“May I take these?” the man asked.
He had no idea what he was going to do with bug spray and rat poison. The rat poison might have been useful for analyzing existing products on the market when he started working at the head office, but surely someone there had already done that. As for bug spray, there was always a use for that. His apartment was probably crawling with insects from all the uncollected trash piled up outside.
The pharmacist eyed him suspiciously and said, “That stuff won’t help your cold. You know that, right? As long as you know that, you can have it.” She placed the bug spray and rat poison in a black plastic bag.
“Well,” she added. “You said you’re not a thief. Does that mean you’re going to pay me?”
Flustered, he fumbled in his pockets for cash but came up empty-handed.
“See, now you are a thief!” she said teasingly.
The man laughed and drew his bruised hand across his throat like a knife.
As he left the pharmacy with the bag of poison, he figured that most of the stores were closed because the owners were worried that what had happened to the pharmacy would happen to them. He had unwittingly found himself in a place where you could not get medicine without resorting to robbery, and where—for all he knew—circumstances were such that not only medication but everything else as well would have to be obtained the same way.
He wanted to rush back to his apartment, but he couldn’t. The spray from the constantly circling trucks obscured the buildings and shops and kept the ground coated in a layer of powdery chemicals, making everything look alike. Even the piles of black garbage bags and homeless men picking through them looked identical. The more he wandered, the more the air filled with vapor, and the taller the piles of trash seemed to grow.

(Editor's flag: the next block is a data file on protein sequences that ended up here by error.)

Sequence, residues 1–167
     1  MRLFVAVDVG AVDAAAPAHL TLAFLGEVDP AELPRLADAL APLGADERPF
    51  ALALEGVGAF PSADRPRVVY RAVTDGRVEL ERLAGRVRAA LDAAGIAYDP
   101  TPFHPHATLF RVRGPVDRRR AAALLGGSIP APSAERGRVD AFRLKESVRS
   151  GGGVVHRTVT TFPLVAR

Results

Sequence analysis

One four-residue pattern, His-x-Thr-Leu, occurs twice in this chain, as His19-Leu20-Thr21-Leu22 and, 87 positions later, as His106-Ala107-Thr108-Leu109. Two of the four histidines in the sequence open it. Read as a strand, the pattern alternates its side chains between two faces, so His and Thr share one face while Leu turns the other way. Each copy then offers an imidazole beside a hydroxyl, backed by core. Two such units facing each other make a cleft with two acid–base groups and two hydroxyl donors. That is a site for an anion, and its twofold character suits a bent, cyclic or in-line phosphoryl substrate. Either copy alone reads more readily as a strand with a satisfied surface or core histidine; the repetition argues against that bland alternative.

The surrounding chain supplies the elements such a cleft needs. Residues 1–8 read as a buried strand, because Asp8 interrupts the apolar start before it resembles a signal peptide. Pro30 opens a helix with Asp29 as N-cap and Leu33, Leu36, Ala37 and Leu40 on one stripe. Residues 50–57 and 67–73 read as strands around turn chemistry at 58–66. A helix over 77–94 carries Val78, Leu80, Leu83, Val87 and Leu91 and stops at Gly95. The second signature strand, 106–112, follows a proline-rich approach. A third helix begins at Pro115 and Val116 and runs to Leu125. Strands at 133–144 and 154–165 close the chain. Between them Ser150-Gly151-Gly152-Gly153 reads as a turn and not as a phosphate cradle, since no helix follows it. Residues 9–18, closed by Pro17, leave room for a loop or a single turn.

When he had exhausted himself with trying to find his way back, he flopped down onto one of the garbage bags. He knew it was trash, but it was the only thing there for him to rest against. As he breathed evenly, trying to adjust to the stench, he glimpsed a pair of legs coming towards him through a cloud of disinfectant left by a retreating truck. The legs drew closer. He stood up. He brushed the dirt off the back of his pants, but there was nothing he could do about the smell.
The legs belonged to a tall, thin man. His shirt and pants were neat and unwrinkled, as if they’d been recently laundered and ironed. He stopped the tall stranger and asked for help finding his address, but he could barely make out what the other man was mumbling from behind the dust mask he wore. He managed to catch a few directional words, like left, right, and across. He turned his back on the st...
Pyun Hye Young is an assistant professor of creative writing at Myongji University. She has received the Hyundae Literary Award, Yi Sang Literary Award, and Dongin Literary Award. The French edition of Aoi Garden (Dans l’antre d’Aoï Garden) was published by Decrescenzo éditeurs and Ashes and Red (Cendres et rouge) by Philippe Picquier. The Hole and Ashes and Red are forthcoming from Arcade Publishing in 2017.